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What started as a basic conglomeration of servers and storage has fractured into a variety of options. I'm talking about hyper-converged infrastructure, which first came on the scene in relatively simple packaging but, with the passage of time, has transformed what used to be a one-size-fits-all offering into a series of options for enterprises to consider.
This article presents an overview of this evolution of hyper-converged architectures. It defines the various HCI types available, looks at what each looks like and presents the pros and cons of each.
Original HCI architecture
In its original form, HCI smashed together servers and storage, essentially replacing stand-alone storage arrays with servers -- called nodes -- infused with a lot of disks. In these conglomerations, the storage layer went from acting as an independent resource with separate management tools to one brought under the capable auspices of the hypervisor or some other software-defined paradigm. The figure below shows you a cluster of three such nodes. Notice that storage, compute and RAM peacefully coexist in the same server node.
The two big choices these early HCI buyers had to make revolved around the following:
- How would storage be managed? Will the hyper-converged platform use a controller virtual machine of some kind or would it use a kernel-integrated storage management system? The former provided more flexibility in hypervisor choice, while the latter, at the time, eked out a few more units of performance.
- Hardware or software? The choice here is whether to buy an HCI in a done-for-you appliance form factor or as just a piece of software to install on existing servers.
Of course, no matter the era of hyper-converged architectures, the hardware vs. software hyper-convergence question has remained, even as HCI itself has evolved. Evolved? Yes. Read on.
The evolutionary splintering of HCI
Homo sapiens weren't the only humanoids on the planet at one time, and likewise, that original hyper-converged architecture has continued to evolve beyond its original form. Although the primordial HCI type remains a force to reckon with, newer variations provide some interesting options for people to consider.
Let's start with a look at what's consider to be traditional HCI. We still have servers and storage combined and ruling the data center, but vendors have brought a lot more to the hyper-converged equation than what was originally available.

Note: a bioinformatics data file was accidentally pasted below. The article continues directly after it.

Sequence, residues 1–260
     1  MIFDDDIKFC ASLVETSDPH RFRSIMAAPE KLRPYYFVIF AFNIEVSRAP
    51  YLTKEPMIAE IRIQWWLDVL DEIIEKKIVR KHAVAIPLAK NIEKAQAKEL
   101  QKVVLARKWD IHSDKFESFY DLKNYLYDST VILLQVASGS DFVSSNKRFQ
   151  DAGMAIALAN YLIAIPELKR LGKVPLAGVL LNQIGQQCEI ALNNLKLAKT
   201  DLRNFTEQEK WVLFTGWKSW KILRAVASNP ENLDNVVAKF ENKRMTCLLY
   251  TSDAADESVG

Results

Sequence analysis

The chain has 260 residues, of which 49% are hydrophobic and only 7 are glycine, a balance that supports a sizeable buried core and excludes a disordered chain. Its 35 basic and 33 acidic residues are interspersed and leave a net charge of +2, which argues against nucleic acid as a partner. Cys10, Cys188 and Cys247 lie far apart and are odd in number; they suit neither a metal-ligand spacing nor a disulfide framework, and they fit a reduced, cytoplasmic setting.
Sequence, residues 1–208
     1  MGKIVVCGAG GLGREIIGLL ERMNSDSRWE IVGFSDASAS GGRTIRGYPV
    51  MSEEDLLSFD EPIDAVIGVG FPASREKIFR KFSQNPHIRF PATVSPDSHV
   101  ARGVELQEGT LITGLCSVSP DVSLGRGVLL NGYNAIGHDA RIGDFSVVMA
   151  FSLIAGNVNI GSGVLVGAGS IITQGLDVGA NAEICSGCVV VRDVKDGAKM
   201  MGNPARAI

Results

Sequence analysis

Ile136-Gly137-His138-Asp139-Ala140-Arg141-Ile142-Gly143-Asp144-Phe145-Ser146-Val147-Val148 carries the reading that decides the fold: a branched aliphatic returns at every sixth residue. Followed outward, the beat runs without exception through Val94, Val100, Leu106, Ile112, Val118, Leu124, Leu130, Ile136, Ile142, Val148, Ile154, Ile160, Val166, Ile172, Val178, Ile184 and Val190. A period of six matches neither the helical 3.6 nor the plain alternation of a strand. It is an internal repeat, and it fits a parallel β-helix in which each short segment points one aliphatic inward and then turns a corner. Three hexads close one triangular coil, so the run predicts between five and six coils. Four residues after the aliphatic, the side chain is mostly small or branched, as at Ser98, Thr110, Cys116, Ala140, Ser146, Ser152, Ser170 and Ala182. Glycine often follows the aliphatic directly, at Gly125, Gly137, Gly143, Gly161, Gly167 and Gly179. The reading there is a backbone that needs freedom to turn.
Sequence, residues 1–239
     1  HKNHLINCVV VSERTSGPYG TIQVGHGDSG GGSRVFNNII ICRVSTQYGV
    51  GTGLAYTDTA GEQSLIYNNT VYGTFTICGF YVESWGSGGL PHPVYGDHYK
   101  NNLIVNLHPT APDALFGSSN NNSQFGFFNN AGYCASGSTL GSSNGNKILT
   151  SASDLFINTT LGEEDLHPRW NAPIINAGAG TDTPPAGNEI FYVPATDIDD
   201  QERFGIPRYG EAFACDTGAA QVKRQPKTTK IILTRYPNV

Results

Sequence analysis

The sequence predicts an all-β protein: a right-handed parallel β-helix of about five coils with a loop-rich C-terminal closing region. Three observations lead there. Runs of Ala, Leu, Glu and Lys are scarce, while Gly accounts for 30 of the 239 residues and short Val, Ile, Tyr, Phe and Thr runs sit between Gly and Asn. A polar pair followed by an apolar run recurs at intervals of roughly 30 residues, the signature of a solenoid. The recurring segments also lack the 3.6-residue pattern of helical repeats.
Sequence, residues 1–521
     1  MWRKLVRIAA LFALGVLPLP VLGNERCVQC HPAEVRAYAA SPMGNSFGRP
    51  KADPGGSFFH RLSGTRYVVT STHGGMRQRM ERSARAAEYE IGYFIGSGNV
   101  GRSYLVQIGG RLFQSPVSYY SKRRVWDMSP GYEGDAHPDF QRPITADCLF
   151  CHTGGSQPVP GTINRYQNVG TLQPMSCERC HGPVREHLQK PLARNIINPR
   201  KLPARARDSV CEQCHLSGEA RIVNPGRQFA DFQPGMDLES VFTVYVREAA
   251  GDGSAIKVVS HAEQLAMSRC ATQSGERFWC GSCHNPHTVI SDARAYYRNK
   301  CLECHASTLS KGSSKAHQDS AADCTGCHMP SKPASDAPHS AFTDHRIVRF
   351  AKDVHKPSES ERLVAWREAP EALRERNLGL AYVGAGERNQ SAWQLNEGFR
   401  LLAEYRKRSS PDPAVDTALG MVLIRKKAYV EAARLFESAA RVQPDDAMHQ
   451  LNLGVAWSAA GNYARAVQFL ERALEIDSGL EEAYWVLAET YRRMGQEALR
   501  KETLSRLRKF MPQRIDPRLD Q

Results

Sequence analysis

For example, Scale Computing has its unique OS-managed Scribe storage management layer approach to hyper-convergence. Scribe provides many of the same benefits as other HCI systems but with a fraction of the typical resource overhead.
Nutanix, meanwhile, has brought its AHV hypervisor to the forefront of the market. The HCI vendor also enables customers to mix and match AHV and vSphere to add storage capacity to its clusters without incurring VMware licensing penalties. VMware has quickly brought its vSAN offering to the forefront of storage technology by, for example, providing software-defined storage to several different types of HCI clusters, including the stretched cluster.
Pivot3, one of the more unique HCI players, brings to the market a top-to-bottom NVMe data path that improves storage performance. Hewlett Packard Enterprise's (HPE) SimpliVity offers customers an HCI and data protection mashup that brings enviable levels of data reduction.
And that's just with traditional approaches to hyper-converged architectures.
New evolutionary lines of hyper-convergence
Today, we're seeing the emergence of a new class of hyper-convergence some are calling disaggregated HCI. Others refer to this new class as Tier 1 hyper-convergence. Whatever you choose to call it, these newer hyper-converged architectures look different.
In these HCI platforms, servers and storage are once again physically separate entities. They're bound together with a software layer that makes them appear to be a single entity, however -- at least in theory.
The vendors that have chosen this new hyper-converged architecture route -- Datrium, NetApp and, most recently, HPE with its Nimble-centric dHCI platform -- have done so to enable customers to once again independently scale compute and storage. By doing this, these companies negate what has been a common HCI complaint for some but a key benefit for others in HCI's linear scalability.
Original HCI scaled all resources in lockstep. When you added storage, for example, you also added RAM and compute, whether you needed it or not. In this figure, you can see that HCI systems based on this newer development in HCI architecture look more like traditional approaches to infrastructure than their close cousins.
Choosing the right hyper-converged architecture
So, which type of HCI is the right solution for you? It depends on your needs. If you want ultrasimplicity, the original hyper-converged architecture provides that in abundance. If you need more resource flexibility, newer architectural options might fit the bill.
Analyze your workloads and your resourcing situation, and get proofs of concept up and running from your HCI vendor shortlist. Then, it will be possible to make the decision that's right for your workloads and your company.